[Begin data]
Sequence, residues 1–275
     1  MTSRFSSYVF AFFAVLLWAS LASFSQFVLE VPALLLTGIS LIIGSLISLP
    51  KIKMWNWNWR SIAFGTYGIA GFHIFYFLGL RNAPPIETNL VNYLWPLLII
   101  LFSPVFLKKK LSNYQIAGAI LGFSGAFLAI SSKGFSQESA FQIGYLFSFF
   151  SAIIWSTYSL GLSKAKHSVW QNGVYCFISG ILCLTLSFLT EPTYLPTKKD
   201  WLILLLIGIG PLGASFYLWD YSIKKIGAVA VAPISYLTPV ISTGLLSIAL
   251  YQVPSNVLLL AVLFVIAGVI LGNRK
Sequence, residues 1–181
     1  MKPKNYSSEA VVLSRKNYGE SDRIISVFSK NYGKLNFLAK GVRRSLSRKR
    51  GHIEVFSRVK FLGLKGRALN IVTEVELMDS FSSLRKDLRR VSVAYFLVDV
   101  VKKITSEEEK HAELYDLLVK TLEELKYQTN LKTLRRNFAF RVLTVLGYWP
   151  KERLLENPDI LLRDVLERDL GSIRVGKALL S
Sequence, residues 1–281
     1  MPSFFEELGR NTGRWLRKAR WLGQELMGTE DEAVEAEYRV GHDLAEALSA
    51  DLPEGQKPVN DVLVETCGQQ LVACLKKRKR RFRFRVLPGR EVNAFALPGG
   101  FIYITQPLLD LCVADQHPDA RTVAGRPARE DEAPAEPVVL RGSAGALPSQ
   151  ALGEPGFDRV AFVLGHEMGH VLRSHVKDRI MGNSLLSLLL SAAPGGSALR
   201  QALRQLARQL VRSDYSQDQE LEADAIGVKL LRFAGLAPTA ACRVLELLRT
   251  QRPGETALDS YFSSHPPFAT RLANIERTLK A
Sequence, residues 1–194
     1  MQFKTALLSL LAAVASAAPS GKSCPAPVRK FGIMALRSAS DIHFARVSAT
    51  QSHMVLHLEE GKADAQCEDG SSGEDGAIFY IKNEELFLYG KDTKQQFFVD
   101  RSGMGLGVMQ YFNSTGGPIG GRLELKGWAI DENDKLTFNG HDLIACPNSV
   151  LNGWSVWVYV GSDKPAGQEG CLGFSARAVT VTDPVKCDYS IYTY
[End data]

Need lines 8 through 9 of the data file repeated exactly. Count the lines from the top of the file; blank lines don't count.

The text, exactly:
Sequence, residues 1–181
     1  MKPKNYSSEA VVLSRKNYGE SDRIISVFSK NYGKLNFLAK GVRRSLSRKR